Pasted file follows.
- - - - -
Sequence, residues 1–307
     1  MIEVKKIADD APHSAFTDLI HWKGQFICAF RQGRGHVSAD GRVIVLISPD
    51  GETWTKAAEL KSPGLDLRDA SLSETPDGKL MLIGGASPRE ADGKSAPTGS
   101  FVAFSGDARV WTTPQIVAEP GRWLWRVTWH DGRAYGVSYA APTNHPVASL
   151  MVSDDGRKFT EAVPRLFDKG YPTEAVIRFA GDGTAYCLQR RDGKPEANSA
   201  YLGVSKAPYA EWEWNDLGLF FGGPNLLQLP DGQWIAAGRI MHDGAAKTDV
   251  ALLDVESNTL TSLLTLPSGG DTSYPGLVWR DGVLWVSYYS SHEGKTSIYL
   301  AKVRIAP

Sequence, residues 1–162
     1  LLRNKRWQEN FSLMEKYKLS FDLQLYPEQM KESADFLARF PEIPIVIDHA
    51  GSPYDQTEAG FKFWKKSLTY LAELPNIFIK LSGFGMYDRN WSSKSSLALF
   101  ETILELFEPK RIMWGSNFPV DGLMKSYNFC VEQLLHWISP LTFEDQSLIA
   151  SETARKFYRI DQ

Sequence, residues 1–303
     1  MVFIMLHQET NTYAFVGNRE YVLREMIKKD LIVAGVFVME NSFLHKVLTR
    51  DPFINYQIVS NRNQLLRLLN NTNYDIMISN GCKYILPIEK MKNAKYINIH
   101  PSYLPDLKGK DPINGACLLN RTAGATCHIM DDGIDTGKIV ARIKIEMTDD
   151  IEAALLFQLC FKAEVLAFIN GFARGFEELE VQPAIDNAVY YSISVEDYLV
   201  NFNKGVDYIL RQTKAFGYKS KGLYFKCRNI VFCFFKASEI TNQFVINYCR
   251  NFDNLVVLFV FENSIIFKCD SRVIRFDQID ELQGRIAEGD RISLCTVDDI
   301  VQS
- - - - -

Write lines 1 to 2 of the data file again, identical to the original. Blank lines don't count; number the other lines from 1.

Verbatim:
Sequence, residues 1–307
     1  MIEVKKIADD APHSAFTDLI HWKGQFICAF RQGRGHVSAD GRVIVLISPD